The 2018 Winter Olympic Games are underway in PyeongChang, South Korea — but the time difference between South Korea and the United States can make it challenging to figure out when to watch the big events. From Adam Rippon, the first openly gay American figure skater to go to the Olympics, to Mira Nagasu, who was cheered for landing the triple axel, there are plenty of athletes to keep an eye on at the Winter Olympic Games. This Olympics schedule showing when the events air on NBC can help you determine which days to tune in, but it’s also helpful to know the difference between time zones in South Korea and the U.S.
Here’s how to figure out what time it is in South Korea depending on where you live.
Eastern Standard Time: 14-Hour Difference
For Olympics watchers following Eastern Standard Time — that’s the entire East Coast, including New York City, as well as Toronto — the time difference between South Korea and the U.S. means that PyeongChang, which follows Korea Standard Time, is 14 hours ahead.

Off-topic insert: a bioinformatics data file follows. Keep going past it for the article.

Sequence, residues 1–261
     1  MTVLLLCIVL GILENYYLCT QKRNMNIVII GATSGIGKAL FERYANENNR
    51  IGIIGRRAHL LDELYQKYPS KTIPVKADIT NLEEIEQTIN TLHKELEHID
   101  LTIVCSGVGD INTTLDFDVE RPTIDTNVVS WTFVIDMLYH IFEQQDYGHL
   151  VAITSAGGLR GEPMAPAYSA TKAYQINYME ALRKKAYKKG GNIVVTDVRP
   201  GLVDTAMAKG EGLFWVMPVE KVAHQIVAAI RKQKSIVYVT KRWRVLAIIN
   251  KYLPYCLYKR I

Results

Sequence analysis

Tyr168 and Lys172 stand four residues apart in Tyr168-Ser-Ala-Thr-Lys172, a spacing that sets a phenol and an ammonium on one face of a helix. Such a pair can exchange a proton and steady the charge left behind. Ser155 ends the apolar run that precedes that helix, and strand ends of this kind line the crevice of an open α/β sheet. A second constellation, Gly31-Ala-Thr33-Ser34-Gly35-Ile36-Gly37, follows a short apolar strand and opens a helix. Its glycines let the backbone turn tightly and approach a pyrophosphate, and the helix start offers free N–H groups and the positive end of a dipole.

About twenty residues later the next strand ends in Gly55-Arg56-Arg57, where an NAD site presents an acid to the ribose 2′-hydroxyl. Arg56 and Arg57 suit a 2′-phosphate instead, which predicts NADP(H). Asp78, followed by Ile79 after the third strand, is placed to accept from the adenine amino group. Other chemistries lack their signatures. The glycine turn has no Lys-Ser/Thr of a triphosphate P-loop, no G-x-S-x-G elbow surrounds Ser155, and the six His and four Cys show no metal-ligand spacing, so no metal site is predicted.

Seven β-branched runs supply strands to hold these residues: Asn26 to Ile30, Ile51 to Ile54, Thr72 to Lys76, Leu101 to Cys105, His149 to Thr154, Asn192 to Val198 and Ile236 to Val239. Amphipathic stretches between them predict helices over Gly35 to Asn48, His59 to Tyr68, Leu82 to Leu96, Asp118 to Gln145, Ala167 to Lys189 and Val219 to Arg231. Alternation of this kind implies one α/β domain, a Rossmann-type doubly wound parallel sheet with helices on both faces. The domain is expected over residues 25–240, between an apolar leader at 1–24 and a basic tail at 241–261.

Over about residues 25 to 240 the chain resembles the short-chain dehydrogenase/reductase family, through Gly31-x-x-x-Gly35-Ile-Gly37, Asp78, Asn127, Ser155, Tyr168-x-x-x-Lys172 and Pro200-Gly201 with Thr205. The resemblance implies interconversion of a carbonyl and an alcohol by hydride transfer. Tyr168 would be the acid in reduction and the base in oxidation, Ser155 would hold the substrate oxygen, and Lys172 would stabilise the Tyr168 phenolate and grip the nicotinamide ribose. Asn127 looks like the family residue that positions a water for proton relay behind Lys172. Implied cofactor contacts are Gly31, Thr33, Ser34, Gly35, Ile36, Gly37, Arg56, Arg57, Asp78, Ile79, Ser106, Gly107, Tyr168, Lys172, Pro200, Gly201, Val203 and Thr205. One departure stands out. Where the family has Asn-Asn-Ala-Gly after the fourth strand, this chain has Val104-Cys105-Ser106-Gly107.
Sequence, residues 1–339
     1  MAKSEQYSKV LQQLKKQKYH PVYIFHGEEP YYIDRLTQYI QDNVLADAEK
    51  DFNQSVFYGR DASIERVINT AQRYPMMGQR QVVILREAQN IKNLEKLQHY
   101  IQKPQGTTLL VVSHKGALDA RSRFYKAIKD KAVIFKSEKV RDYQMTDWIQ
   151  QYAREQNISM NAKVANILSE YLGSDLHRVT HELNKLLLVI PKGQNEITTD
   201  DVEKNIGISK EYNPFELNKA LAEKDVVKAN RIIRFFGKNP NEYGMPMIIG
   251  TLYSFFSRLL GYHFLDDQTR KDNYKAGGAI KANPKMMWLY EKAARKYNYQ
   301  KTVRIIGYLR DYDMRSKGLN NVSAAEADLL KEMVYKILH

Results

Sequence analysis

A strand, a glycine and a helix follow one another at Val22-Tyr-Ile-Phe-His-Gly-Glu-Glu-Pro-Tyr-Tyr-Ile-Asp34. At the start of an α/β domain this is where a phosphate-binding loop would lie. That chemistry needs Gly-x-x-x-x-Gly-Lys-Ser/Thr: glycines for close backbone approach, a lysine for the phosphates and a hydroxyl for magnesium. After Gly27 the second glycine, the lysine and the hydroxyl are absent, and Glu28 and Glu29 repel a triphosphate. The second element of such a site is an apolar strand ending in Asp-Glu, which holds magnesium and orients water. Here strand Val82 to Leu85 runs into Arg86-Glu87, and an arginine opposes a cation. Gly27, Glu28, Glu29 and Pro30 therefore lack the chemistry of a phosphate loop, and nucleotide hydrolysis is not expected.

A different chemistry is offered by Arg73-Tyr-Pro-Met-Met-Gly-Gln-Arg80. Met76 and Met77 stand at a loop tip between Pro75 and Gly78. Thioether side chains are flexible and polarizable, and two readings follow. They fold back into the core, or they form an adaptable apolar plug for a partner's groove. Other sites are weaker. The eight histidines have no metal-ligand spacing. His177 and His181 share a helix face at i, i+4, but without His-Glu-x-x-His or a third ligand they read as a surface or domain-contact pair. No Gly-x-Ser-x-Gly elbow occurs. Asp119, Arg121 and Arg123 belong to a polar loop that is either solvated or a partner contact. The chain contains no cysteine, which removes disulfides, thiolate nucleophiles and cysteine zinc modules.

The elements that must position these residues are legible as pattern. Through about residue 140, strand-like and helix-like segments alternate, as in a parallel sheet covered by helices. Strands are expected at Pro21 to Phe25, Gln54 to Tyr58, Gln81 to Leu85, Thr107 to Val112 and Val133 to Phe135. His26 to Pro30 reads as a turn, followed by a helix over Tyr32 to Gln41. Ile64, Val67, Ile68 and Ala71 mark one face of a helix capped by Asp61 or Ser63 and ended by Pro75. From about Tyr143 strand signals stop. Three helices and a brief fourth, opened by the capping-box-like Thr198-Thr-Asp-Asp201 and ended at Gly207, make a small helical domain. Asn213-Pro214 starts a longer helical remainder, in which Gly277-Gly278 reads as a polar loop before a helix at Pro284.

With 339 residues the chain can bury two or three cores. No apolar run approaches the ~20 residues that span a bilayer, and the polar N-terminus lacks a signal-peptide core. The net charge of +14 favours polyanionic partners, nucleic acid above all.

Central Standard Time: 15-Hour Difference
Those in Central Standard Time — including Chicagoans, most Texans and Canadians living in Manitoba and parts of Ontario — are 15 hours behind PyeongChang’s Korea Standard Time.
Mountain Standard Time: 16-Hour Difference
For those in Mountain Standard Time — living in Montana, Utah, Wyoming and Colorado — the time difference between South Korea and the U.S. puts them 16 hours behind PyeongChang.
Pacific Standard Time: 17-Hour Difference
People living in Pacific Standard Time — cities like Los Angeles, San Francisco, Vancouver and Seattle — are 17 hours behind PyeongChang.
NBC will air each day’s Olympic events and NBC Sports will cover the Winter Olympics throughout each day. The network will live-stream some events from South Korea, for anyone inclined to wake up early or stay up late to catch the competition in real time. NBC then broadcasts replays of the top events during evening primetime hours.